This week’s issue focuses solely on the state of the art of AI-generated writing — and how it’s automating writing jobs.
Here’s the intro to the in-depth piece — along with a link to the full story by Joe Dysart:
Amidst the hoopla of all things artificial intelligence, writers are increasingly wrestling with a hard truth: It appears robots are coming for their jobs.
Little more than a plaything of researchers a decade ago, AI and automated robots in 2021 are now regularly churning-out countless news articles, business reports, opinion pieces, sports stories, ad slogans, newsletters, press releases – and more – on a daily basis.
According to highly respected research organization Gartner, all of this AI and related technology will automate production of 30% of all content found on the Worldwide Web by 2022.
Observes Mayur Bhatt, marketing head, SEO Services Guru: “It is only a matter of time before algorithms are able to write articles on any topic and for any target group.”
It’s no wonder writers across the globe are fretting: When do these writing machines show-up at my workplace?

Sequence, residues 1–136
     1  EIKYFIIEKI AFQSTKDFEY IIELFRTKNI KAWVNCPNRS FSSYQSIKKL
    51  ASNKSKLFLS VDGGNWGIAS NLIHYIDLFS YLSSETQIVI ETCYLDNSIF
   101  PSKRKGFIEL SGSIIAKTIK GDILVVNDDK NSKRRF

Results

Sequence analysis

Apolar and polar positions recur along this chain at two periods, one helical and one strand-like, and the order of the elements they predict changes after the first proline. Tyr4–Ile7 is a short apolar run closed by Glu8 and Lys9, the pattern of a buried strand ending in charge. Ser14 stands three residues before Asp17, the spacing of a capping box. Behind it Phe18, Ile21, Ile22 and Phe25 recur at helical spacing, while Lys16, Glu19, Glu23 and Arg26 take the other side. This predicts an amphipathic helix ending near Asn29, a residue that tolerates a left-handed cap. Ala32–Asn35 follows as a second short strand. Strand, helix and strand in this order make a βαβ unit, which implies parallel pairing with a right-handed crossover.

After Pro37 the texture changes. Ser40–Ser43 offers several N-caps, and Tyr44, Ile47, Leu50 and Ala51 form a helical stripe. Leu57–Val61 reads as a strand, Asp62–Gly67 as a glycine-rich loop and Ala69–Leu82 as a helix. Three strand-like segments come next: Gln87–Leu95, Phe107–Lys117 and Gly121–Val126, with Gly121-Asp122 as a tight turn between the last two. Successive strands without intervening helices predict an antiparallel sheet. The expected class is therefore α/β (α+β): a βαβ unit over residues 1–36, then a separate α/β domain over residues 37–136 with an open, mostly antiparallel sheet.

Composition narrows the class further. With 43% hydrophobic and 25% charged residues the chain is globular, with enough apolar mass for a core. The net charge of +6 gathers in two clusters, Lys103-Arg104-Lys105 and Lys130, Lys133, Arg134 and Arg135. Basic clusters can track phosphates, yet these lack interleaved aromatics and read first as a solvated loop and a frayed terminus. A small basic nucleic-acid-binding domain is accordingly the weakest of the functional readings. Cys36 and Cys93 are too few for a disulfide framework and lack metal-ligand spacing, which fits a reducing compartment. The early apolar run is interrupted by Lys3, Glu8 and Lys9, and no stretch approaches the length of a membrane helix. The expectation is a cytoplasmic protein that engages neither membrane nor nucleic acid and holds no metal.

Evangelists of writing driven by AI insist the robots are simply here ‘to serve humanity.’
Robots will do the drudgery work, they say.
Writers will be freed-up to engage in more interesting, more in-depth and more creative work.
Says Lisa Gibbs, news partnerships director, The Associated Press, one of the earliest pioneers of AI-generated news-writing: “The work of journalism is creative.
“It’s about curiosity, it’s about storytelling, it’s about digging and holding governments accountable.
“It’s critical thinking, it’s judgment — and that is where we want our journalists spending their energy.”
But for the many writers and editors who have already lost their jobs to AI, that idyllic future is a tough sell.
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–Joe Dysart is editor of RobotWritersAI.com and a tech journalist with 20+ years experience. His work has appeared in 150+ publications, including The New York Times and the Financial Times of London.
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